Why'd the Man Cross the Road?

Male pedestrians twice as likely to die in collisions with vehicles

(RxWiki News) Stop, look and listen: it applies to everyone and not just kids and chickens crossing the road. Guys should be extra careful as well.

Although the number of pedestrian fatalities is low to begin with, men are more than twice as likely as women to die from collisions with vehicles, according to a recently published study.

This research stresses the need to find better ways to prevent these excess pedestrian deaths.

"Keep to the sidewalk with your head up."

A third of the 1.2 million traffic fatalities around the globe are pedestrians. Researchers, led by Motao Zhu, PhD, from the Department of Epidemiology and Injury Control Research Center at West Virginia University, say that men are over-represented in that mixture.

Dr. Zhu and colleagues examined why male pedestrians are injured more often than women in traffic collisions. Between 2008 and 2009, researchers gathered information from over 150,000 households through three different databases, including the US Fatality Analysis Reporting System, National Household Travel Survey and General Estimates System. They included pedestrians 5 years of age and older.

Participants were recruited by phone and asked to log all their daily trips over a randomly assigned 24-hour period, which tracked how far people walked. Researchers also looked at the number of collisions per kilometer walked and how many died in each collision.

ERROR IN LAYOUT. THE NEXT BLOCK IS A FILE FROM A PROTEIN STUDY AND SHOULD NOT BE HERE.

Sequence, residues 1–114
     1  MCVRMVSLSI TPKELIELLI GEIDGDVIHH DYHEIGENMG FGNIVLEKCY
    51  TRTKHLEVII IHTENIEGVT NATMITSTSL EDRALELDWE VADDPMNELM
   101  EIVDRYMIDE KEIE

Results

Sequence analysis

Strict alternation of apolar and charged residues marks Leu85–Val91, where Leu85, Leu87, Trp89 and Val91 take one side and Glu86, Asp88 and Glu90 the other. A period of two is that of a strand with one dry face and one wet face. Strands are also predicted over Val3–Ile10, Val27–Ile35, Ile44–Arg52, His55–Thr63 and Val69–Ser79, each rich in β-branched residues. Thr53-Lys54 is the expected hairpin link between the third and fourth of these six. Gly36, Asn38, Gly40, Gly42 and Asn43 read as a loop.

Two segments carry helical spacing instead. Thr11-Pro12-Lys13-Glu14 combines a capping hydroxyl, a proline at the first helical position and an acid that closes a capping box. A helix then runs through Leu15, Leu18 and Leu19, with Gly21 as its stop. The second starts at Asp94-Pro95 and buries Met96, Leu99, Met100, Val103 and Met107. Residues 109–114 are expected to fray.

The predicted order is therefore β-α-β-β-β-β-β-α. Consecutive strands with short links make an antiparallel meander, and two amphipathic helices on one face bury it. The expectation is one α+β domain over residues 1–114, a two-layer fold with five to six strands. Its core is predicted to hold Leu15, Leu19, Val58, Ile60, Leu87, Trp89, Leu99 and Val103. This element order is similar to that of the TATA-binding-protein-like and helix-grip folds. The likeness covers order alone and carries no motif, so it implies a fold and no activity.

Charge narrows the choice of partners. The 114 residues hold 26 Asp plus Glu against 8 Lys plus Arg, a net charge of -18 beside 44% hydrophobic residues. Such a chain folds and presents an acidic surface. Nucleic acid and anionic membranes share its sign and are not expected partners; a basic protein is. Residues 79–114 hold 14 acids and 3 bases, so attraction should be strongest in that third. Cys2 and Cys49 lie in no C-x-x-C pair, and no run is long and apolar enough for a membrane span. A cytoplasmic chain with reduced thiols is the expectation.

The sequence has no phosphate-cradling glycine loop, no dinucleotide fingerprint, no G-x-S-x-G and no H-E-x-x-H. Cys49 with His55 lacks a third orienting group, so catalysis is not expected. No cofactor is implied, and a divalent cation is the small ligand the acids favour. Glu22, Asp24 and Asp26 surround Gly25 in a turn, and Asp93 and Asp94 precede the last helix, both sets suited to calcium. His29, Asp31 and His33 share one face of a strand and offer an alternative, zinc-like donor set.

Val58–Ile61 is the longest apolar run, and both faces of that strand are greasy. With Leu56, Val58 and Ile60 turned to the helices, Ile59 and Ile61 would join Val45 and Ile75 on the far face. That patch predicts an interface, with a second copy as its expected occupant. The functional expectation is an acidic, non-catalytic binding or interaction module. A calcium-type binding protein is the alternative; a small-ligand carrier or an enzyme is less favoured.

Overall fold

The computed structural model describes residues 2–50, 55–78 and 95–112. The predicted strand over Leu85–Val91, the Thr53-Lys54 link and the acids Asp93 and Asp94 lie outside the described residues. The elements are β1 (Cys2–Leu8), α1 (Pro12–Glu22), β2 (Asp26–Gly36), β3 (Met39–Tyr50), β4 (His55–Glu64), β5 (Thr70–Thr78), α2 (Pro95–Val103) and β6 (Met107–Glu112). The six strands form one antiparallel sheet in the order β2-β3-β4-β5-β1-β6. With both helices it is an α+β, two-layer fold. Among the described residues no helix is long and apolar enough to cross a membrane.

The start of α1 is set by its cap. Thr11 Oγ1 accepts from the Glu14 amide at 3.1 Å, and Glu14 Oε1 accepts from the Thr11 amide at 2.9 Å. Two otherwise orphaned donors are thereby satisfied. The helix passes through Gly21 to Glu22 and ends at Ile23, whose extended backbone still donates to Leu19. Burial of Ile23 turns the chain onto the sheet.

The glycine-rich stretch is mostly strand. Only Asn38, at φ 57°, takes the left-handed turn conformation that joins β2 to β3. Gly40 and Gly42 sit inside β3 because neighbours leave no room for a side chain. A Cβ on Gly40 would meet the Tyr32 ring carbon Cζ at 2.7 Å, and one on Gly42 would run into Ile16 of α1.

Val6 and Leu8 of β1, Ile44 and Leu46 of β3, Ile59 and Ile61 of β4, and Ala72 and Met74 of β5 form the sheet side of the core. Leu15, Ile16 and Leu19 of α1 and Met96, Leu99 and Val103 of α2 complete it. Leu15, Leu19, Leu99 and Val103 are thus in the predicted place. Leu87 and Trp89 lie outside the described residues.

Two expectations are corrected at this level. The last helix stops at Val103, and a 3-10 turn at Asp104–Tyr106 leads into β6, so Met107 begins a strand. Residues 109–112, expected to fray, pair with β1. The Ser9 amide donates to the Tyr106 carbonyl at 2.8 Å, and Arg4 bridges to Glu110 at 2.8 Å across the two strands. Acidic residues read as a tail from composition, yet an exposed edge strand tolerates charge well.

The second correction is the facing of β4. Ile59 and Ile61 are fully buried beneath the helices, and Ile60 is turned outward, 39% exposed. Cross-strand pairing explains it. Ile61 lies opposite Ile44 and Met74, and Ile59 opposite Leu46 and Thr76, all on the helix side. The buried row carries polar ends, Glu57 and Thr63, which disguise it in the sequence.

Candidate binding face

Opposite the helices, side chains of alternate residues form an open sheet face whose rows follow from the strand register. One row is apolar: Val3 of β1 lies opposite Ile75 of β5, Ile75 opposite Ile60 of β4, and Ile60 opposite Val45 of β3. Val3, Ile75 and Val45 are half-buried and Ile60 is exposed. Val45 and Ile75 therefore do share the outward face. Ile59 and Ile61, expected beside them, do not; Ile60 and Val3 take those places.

Across the US, researchers found more than 8,200 people were fatally injured in pedestrian/car accidents between 2008 and 2009. Men made up two out of every three victims.

Men and women both reported walking about 183 kilometers each year. Male pedestrians died 2.3 times more often than women each year.

In examining the reasons why more men died, getting hit by a car explained 79 percent of these deaths. Walking more frequently accounted for 1 percent of the deaths among men, and the other 20 percent was an increased number of collisions per distance walked.

“Of course, we already know that a vehicle’s speed affects the severity of a person’s injuries,” Dr. Zhu said in a press release.

"Alcohol involvement can also play a large role, and not just with drivers. While most people know not to drive while drunk, it’s not safe to walk the streets while impaired either."

Further research is needed to find why men are dying more often than women. The authors say they will be looking at other factors to see why men are likelier to be in fatal collisions, such as walking or crossing along highways and high speed roads.

The databases may also have underestimated how far pedestrians walked and limited the participants being studied since they only included those contacted by landline phone.

The authors had no conflicts of interest to declare.

The study was published online November 29 in the Injury Prevention journal. The US Centers for Disease Control and Prevention and the US National Institute on Alcohol Abuse and Alcoholism under the National Institutes of Health funded the study. 

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Review Date: 
December 19, 2012